From the Database of Home of the Underdogs
GAME DESIGNER:David Lester
GAME PUBLISHER:Sierra On-Line
Copyright 1996, Impressions
Space Bucks is one of the most overlooked strategy games from Impressions, maker of the successful Caesar series. Although the game is not as bad as Impressions? notorious Rise and Rule of Ancient Empire, it?s not so much better either due to extremely tedious micro-management that gets worse the more you play.
Space Bucks is essentially a space trading game, a genre that goes back to M.U.L.E. and more recently Gazillionaire. Your goal is to amass wealth by buying various commodities from different planets, and selling them at a higher price elsewhere. You have until the year 2500 to build your company into the best and biggest space trading empire in the galaxy.
There are reams of statistics that you must keep track of. This is not bad in itself: after all, a good economic simulation must take into account dozens of factors. But the more complex a game is, the more important it must convey the information in a way that is both user friendly and efficient (i.e. requiring as few mouse clicks as possible; Capitalism Plus comes to mind as a great example of this). Unfortunately, despite the attractive SVGA graphics and some inventive commodities, Space Bucks suffers from the same ?spreadsheet syndrome? of many old Impressions games. The user interface is very cumbersome, which makes the micro management nature of the game even more tedious. For example, there is no way to tell at a glance what goods each planet is receiving, without looking at each route separately.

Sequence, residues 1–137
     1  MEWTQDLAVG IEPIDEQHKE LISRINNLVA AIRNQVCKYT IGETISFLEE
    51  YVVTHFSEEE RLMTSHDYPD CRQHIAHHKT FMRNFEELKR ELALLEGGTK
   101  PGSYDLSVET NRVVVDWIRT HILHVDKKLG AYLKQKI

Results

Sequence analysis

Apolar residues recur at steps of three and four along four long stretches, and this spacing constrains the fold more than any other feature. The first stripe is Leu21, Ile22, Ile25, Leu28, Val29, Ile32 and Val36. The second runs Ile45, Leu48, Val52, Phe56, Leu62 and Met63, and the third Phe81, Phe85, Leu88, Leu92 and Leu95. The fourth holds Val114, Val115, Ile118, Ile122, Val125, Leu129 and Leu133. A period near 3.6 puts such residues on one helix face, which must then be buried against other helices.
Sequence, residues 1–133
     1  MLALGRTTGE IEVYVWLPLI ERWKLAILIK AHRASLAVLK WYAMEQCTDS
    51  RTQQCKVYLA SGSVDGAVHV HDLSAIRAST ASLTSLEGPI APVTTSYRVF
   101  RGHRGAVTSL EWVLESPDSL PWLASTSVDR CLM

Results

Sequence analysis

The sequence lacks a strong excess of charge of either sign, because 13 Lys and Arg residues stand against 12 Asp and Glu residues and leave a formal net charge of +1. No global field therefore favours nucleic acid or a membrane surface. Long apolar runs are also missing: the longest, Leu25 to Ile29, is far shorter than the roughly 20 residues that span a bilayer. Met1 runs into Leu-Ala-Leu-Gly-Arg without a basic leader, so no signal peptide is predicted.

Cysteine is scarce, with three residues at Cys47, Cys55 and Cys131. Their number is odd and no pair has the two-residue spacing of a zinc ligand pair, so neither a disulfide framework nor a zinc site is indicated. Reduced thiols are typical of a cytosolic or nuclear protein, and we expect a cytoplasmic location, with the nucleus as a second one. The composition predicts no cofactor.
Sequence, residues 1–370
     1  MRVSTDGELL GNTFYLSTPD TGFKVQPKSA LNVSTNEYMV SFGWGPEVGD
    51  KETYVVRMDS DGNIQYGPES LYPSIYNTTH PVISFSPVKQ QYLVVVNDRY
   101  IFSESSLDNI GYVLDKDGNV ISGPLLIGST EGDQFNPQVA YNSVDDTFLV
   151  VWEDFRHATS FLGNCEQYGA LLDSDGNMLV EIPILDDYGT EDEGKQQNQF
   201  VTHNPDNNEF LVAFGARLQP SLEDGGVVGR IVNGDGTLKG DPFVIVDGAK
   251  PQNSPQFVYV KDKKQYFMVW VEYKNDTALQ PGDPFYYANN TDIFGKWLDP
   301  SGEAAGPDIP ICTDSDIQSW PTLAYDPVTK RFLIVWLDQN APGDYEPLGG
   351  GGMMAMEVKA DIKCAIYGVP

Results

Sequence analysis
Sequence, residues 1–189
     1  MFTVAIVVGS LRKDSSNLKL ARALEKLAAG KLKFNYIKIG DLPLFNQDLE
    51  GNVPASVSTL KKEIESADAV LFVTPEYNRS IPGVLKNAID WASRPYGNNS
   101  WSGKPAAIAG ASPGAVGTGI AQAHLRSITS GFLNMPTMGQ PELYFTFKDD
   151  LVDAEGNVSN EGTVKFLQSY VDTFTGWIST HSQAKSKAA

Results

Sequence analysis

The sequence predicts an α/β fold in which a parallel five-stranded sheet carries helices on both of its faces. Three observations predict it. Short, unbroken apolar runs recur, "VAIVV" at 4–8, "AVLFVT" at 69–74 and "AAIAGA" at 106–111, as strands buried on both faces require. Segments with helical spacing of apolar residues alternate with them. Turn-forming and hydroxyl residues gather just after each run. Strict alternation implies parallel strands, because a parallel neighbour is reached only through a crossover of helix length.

In addition to extreme micro management, you will have to deal with many things at once, while keeping a close eye on income level, number of transports, ships, and of course trade routes. In the final stages of the game you may have over 60 planets and more than 40 ships and routes. Although the game allows you to do many things in ?pause mode? without your competition advancing, it?s still tedious. The game does have some random events to break the tedium, like the discovery of new engine types, or better cargo modules, and so on, but they are minor compared to numerous static screens of statistics.
Overall, Space Bucks is the kind of game I really want to like, but simply can?t. As fan of business sims, I find the economic model in the game quite decent, and I also enjoy the little details like setting maintenance schedules for my ships and fitting them with new weapons. But ultimately the awful user interface and extreme micro management makes Space Bucks more repetitive than fun. The first time you play and finish the game (which should take about 15-20 hours maximum), you will probably enjoy it. But your enjoyment will gradually diminish when you have to revise your routes for the umpteenth time in subsequent games. Worth a look if you enjoy this kind of games, but check out Gazillionaire Deluxe instead if you want a truly playable game with a long-term play value.